On September 27, 2016, at 5:49 PM, Morales emailed Karyn Williams with the Army to ask whether the Army allowed partial invoicing - a question Premier Gaming had. (Doc. # 50-3 at 24). After learning that the Army would allow for partial invoicing, Morales then emailed Premier Gaming at 7:11 PM, writing “this email is to confirm both Luna and [Premier Gaming's] acceptance to DUAL CHECK terms for the project in case of Award.” (Doc. # 1-2 at 2; Doc. # 50-4 at 3). Morales testified that he had no authority to decide payment terms with a supplier, as payment terms have to be approved by Gina. (Morales Dep. Doc. # 46-5 at 16:15-17:15). Rather, he acknowledged that he was very busy with various bids in September, which is the end of the fiscal year, and “spoke out of place” regarding the dual check terms. (Id. at 16:18-17:5). And, indeed, payment via dual checks was unavailable under the contract because the federal government “doesn't allow for dual checks, ” and the solicitation instead provided for payment “by electronic fund transfer.” (Curry Dep. Doc. # 46-4 at 32:5-10, 33:1-3; Bekhor Dep. Doc. # 46-2 at 68:6-15).

         As Bekhor testified in his deposition, no other conversations between Bekhor and Morales took place about “profit, expenses, [or] loss.” (Bekhor Dep. Doc. # 46-2 at 21:12-24). Yet, in his affidavit, Bekhor asserts Premier Gaming and Luna “agreed that the parties would each share in the profit or loss from their collaborative effort to obtain and perform the contract.” (Bekhor Aff. Doc. # 52-5 at ¶ 7).

         Later that night, September 27, 2016, Morales went ahead and submitted the bid using the information provided by Premier Gaming. (Morales Dep. Doc. # 46-5 at 28:3-29:2; Doc. # 50-3 at 25; Doc. # 50-1 at 6-25). Morales' name and title are listed in the “Name and Title of Signer” box on the bid solicitation form, Standard Form 1449. (Doc. # 50-1 at 12). Gina stated that, at some unspecified time, she had given Morales permission to submit a bid for the Army's solicitation but was unaware that Premier Gaming was the vendor from which Morales had received the price quote. (Gina Dep. Doc. # 46-3 at 16:6-17:25).

         During his deposition, Bekhor could not clearly articulate any false statements made by Morales, or anyone else at Luna, before the bid was submitted to the Army. (Bekhor Dep. Doc. # 46-2 at 82:20-83:20). Nevertheless, Bekhor stated that he and Morales agreed the bid using Premier Gaming's bid information was “the only bid” and “[s]hould it be awarded, [Premier Gaming] was going to be the supplier.” (Id. at 89:4-6). And, in his affidavit, Bekhor states “[Premier Gaming] would not have expended the time and effort in creating the Bid Information and would not have provided the same to Luna had Luna not misrepresented to [Premier Gaming] that [Premier Gaming] would supply the Units in the event Luna was the successful bidder on the Solicitation.” (Bekhor Aff. Doc. # 52-5 at ¶ 12).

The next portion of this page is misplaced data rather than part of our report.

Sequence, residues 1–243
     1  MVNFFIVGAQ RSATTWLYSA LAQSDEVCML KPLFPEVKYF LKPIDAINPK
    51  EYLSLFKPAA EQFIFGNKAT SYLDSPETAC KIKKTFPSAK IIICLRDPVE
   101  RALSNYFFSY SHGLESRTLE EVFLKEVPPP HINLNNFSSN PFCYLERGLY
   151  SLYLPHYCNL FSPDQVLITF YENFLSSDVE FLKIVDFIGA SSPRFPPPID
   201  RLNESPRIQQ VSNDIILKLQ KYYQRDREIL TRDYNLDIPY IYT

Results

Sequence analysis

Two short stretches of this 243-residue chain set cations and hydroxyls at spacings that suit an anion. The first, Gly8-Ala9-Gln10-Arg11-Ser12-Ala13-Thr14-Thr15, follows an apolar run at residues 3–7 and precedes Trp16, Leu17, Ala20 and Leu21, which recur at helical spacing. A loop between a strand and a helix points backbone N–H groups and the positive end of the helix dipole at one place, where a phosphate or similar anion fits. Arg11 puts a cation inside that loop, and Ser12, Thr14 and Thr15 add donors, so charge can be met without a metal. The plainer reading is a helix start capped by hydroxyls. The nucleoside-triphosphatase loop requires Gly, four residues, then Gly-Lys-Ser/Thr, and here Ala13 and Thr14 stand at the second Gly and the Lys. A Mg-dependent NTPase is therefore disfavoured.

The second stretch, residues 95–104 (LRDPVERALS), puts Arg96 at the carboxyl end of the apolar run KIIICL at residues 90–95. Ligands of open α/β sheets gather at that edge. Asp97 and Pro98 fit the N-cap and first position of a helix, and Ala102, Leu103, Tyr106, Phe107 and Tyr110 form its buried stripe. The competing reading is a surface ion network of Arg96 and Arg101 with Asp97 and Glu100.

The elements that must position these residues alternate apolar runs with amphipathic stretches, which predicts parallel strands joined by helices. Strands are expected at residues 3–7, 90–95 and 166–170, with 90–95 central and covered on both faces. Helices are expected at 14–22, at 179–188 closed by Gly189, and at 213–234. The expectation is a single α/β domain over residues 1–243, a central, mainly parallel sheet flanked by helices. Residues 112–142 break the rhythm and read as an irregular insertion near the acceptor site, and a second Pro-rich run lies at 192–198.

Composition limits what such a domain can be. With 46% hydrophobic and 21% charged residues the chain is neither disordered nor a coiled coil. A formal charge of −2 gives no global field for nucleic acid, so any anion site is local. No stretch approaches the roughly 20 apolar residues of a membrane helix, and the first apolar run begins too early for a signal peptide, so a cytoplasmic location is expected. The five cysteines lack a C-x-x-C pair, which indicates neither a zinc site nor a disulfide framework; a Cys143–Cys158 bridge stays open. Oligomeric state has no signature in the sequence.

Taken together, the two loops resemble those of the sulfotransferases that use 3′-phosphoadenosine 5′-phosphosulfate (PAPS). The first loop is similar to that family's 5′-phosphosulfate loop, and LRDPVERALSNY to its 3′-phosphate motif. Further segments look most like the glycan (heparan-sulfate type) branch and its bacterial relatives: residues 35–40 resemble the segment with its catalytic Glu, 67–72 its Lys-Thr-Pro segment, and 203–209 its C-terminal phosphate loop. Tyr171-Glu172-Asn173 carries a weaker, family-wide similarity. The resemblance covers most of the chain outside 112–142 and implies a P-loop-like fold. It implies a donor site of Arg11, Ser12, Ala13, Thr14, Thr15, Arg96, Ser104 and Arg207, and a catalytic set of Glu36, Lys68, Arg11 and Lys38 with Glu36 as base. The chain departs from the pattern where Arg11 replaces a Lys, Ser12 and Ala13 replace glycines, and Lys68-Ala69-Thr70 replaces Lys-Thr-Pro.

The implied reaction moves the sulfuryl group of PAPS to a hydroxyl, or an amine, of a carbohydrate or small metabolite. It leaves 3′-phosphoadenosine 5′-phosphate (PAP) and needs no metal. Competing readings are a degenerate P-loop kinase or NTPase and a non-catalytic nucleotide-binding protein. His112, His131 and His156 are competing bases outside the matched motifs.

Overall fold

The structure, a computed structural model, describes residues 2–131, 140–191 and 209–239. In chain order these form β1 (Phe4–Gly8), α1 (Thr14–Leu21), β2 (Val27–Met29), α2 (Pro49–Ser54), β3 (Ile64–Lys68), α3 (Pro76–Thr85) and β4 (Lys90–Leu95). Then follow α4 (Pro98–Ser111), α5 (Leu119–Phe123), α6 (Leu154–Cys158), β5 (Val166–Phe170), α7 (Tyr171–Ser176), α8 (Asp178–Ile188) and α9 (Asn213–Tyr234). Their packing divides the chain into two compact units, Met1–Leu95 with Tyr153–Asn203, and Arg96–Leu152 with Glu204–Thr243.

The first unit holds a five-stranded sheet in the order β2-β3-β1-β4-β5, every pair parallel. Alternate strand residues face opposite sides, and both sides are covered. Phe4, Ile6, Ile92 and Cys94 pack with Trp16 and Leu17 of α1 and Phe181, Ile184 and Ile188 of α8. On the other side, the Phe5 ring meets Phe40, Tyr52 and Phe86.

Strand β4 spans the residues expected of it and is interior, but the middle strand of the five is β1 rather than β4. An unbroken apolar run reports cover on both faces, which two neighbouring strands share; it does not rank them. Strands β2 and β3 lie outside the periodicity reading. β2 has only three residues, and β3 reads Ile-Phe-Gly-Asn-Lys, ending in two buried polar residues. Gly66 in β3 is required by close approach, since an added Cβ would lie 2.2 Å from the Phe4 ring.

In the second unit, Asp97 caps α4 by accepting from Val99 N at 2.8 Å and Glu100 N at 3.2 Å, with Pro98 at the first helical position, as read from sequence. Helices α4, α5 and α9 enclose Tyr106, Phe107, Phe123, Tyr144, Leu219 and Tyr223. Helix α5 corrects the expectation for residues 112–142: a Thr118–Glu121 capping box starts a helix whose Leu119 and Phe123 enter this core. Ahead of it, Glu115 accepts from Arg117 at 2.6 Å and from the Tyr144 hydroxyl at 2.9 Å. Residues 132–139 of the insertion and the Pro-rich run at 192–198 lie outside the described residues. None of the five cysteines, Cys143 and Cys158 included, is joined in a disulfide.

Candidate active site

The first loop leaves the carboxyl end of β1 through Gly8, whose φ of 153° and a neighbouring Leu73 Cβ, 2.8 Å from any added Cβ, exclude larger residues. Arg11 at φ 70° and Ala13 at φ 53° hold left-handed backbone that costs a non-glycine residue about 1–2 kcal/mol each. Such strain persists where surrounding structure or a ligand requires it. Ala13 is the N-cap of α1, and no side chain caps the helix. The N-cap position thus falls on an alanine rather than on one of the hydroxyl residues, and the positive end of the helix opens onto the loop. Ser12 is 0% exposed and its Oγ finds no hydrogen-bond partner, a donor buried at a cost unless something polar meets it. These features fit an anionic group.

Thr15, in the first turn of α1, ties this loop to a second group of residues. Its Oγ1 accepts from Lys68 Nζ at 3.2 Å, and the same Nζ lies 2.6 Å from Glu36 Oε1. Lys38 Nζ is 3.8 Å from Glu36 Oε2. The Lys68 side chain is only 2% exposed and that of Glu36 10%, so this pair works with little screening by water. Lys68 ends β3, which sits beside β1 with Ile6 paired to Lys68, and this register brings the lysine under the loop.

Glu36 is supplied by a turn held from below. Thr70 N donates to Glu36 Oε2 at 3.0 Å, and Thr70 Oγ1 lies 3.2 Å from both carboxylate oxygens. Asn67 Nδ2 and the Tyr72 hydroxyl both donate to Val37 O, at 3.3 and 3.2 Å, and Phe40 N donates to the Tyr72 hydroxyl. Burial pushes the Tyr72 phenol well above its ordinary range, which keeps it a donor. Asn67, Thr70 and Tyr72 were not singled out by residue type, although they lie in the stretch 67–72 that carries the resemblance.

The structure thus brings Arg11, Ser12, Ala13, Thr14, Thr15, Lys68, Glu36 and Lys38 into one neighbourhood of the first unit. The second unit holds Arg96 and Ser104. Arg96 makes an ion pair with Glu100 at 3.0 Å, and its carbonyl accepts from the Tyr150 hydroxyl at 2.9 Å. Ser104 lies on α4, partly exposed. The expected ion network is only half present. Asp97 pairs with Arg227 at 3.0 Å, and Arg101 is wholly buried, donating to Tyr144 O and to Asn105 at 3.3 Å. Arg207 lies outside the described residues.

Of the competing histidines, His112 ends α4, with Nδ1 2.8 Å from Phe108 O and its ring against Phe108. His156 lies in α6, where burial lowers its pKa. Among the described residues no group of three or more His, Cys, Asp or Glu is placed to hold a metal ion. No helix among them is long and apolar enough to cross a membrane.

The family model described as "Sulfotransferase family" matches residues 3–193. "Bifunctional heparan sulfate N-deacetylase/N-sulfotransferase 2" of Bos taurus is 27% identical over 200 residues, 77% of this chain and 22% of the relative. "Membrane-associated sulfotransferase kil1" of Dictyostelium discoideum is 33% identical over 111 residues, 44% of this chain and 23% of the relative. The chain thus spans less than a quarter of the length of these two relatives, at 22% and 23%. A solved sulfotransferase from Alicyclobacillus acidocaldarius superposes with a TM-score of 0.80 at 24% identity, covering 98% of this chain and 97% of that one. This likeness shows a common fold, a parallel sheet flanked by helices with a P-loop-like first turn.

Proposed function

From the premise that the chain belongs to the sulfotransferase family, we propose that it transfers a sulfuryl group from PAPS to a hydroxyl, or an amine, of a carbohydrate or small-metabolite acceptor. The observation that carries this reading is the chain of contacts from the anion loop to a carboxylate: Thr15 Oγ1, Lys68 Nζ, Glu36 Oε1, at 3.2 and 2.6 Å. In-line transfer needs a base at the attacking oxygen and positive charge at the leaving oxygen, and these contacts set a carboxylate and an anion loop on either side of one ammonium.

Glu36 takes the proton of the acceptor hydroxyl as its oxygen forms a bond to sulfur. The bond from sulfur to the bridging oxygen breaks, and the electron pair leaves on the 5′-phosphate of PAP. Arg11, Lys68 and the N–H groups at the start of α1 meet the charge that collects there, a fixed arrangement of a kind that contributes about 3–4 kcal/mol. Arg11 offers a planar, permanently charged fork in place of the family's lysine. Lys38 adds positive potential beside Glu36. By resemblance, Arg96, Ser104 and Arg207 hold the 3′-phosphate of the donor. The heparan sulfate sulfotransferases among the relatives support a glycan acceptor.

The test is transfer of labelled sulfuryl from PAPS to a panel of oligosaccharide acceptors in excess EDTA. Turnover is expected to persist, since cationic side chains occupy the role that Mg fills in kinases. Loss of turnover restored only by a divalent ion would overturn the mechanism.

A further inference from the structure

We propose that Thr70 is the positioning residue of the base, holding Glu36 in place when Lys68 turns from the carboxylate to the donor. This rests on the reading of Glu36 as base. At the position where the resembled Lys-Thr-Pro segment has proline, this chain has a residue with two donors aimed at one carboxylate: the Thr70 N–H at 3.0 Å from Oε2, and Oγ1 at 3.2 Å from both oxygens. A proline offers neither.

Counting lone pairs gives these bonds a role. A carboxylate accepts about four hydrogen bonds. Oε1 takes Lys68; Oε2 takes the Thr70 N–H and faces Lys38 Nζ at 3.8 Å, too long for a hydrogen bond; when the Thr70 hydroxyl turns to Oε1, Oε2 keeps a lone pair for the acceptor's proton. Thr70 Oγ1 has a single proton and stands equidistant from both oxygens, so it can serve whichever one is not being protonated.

The next day, September 28, 2016, Morales was contacted by Williams, who requested that Luna provide a “drawn concept with measurements and descriptions that represent the final product” with its bid. (Doc. # 50-4 at 6). Morales wrote back to Williams, stating “According to our supplier, he will have [the drawings] to me in the next 30 min[utes].” (Id.). During his deposition, Morales testified that “our supplier” was “a poor choice of words on [his] part.” (Morales Dep. Doc. # 46-5 at 35:13-19).

         So, Morales emailed Bekhor asking Premier Gaming to provide a drawing very quickly. (Doc. # 50-4 at 1-2). An employee of Premier Gaming emailed Morales back with a drawing of the proposed gaming kiosks about twenty minutes later. (Bekhor Dep. Doc. # 46-2 at 85:25-86:11; Doc. # 50-4 at 1-5). The drawing provided by Bekhor is “very similar” to the drawing provided by the Army in its solicitation, except that the kiosk is marked with Premier Gaming's logo in the corner of the image. (Morales Dep. Doc. # 46-5 at 54:16-56:6; Bekhor Dep. Doc. # 46-2 at 85:21-86:3; Doc. # 50-4 at 4-5). Morales then emailed the drawing provided by Premier Gaming to Williams. (Doc. # 50-4 at 8).

         While Morales was in contact with Premier Gaming and putting together the bid, he was unaware that Curry was already speaking to potential suppliers about the gaming kiosks in order to put together a different bid for the Army contract. (Morales Dep. Doc. # 46-5 at 37:3-12; Curry Dep. Doc. # 46-4 at 18:8-20:2). Although the previous gaming trailer bids had been “simplified acquisitions, ” Curry stated the Army solicitation was not a simplified acquisition because “it [was] a design-build service.” (Curry Dep. Doc. # 46-4 at 11:9-14). Morales' job did not entail submitting bids for more complex contracts, only simplified acquisitions. (Id. at 11:1-4).